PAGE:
This is the time of year you start counting your change and seeing what kind of gadgets you can afford. Whether it’s for yourself or a loved one, nothing brings out the holiday cheer better than a new pad, laptop, or PC. But market analysts have their eyes on a number of different trends, including raw computational specs, sales figures, and forecasts for the short term and long term.
Just in time for the holidays, Google is slashing prices on their Acer and Samsung Chromebooks. Chromebooks are stripped down personal computers that feature a Chrome-like operating system and are intended for little more than Internet browsing and basic document composition. Google, perhaps anticipating a losing battle with other notebook and pad manufacturers, notably cut the prices in time for black Friday. In addition to the price change, Chromebooks will also have a slightly altered user interface with an updated New Tab menu and a cleaner login window.
Chromebooks have been around since June of 2011 and the reception has been mixed, though a great many mobile consumers still prefer choosing a netbook from the new models. Some consumers like the simplicity of the cloud-enabled device while others see it as a glorified web browser with little extra utility. While a cheaper holiday price could bolster sales for the winter, the jury is still out as to whether the Chromebook can survive in the long run. It could be rendered obsolete when better notepads become cheaper, themselves fleeced by the onslaught of Ultrabooks.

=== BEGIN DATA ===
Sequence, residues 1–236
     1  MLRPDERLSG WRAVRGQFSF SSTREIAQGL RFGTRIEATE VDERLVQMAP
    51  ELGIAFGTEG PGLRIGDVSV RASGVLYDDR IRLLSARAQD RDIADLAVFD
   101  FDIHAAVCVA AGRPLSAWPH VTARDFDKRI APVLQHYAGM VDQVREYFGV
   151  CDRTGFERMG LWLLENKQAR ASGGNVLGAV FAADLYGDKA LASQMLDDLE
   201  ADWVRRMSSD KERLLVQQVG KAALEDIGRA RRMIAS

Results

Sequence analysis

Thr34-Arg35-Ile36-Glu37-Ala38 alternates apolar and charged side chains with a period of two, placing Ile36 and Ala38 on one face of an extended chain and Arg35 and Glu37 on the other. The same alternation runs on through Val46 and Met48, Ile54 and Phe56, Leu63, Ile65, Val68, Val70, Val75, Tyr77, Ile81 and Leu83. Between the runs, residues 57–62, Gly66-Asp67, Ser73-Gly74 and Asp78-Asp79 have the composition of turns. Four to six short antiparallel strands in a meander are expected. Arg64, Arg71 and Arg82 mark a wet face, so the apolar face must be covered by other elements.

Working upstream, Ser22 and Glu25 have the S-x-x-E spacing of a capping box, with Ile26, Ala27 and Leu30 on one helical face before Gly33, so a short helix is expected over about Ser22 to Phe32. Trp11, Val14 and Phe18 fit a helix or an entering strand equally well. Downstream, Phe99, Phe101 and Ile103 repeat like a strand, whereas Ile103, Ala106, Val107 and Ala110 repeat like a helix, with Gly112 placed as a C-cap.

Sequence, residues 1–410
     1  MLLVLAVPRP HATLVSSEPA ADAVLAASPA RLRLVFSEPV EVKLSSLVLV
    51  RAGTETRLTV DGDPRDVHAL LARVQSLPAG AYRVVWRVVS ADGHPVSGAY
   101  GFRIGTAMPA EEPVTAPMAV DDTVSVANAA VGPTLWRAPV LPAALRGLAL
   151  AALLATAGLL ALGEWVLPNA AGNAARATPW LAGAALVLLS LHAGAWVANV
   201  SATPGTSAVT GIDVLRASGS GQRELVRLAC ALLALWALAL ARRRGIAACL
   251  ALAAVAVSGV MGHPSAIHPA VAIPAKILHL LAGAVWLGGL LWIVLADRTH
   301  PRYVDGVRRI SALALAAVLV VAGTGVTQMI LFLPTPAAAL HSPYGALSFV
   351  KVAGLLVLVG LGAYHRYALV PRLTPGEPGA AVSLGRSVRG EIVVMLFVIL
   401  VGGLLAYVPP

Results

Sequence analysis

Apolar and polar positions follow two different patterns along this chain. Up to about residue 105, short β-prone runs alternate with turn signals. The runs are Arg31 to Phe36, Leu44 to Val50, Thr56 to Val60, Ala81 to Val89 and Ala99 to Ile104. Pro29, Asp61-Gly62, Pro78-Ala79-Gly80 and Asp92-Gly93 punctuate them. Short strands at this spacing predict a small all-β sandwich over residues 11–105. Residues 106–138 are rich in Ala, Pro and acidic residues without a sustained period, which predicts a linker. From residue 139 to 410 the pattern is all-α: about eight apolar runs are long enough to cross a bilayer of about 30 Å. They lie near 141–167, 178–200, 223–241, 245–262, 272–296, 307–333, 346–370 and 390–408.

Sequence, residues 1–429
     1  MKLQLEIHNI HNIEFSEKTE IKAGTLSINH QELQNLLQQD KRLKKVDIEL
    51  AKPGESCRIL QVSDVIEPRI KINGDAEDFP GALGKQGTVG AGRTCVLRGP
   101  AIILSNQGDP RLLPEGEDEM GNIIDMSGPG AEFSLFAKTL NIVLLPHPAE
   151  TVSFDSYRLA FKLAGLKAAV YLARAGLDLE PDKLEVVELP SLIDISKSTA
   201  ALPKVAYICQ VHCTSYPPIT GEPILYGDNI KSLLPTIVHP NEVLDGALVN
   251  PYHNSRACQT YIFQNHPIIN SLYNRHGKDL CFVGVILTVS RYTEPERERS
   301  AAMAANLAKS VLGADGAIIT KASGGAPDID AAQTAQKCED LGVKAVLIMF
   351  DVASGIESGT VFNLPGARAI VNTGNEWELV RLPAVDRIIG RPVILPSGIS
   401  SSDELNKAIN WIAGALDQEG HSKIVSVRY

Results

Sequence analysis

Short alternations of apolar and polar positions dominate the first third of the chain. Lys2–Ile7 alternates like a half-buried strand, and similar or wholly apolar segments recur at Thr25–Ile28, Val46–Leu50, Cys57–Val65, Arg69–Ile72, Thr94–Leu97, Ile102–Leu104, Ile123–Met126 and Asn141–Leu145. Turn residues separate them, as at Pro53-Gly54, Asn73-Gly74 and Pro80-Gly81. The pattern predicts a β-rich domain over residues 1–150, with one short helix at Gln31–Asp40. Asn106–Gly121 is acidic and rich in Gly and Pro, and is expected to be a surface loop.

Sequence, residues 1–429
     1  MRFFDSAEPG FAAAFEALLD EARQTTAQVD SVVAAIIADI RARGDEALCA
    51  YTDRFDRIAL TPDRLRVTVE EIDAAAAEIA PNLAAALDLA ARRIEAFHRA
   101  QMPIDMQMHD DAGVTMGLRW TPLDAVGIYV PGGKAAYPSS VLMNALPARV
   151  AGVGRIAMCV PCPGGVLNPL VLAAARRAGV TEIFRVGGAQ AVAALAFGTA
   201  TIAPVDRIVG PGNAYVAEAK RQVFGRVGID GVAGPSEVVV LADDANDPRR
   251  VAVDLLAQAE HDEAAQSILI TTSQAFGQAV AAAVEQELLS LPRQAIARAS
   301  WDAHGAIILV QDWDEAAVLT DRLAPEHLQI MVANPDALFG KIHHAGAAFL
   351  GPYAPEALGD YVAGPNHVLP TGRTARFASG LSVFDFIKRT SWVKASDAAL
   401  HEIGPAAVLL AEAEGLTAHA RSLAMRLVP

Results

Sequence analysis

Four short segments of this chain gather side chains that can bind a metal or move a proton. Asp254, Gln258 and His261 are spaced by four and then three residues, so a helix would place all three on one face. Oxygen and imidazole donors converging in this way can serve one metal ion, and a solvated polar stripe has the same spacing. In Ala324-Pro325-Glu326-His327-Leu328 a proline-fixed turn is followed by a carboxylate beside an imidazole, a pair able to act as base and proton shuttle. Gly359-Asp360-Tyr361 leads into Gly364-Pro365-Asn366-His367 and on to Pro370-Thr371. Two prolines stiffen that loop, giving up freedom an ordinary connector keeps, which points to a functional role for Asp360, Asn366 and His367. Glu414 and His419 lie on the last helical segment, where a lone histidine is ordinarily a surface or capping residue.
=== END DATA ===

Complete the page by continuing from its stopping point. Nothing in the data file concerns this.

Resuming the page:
While the upscale portable PC Macbook Air is still considered a likely high-seller over the holidays, it too could soon have competition from the new generation of Ultrabooks coming out next year, perhaps challenging the seemingly indomitable Apple, who has hijacked the market in more ways than just sales figures. Apparently, they’ve monopolized the main material used in lightweight PC’s too.
So the next big concern coming down the aisle for Ultrabooks may be simpler than CPU, RAM, hard-drives, and networking, it will concern what material to use. It seems much of the aluminum chassis needed to produce the popular magnesium-aluminum alloy for these devices is in short supply (with Apple having formed rock solid alliances with the two major alloy vendors) and manufacturers like Acer, Asus and HP are considering using fiberglass. Acer has already announced plans for a 15-inch fiberglass-encased notepad in 2012.
Magnesium-aluminum alloy or no, the battle of the portable PC will extend to well beyond the holiday season with HP, Dell, Sony, Toshiba, Acer and Apple all looking for supremacy.
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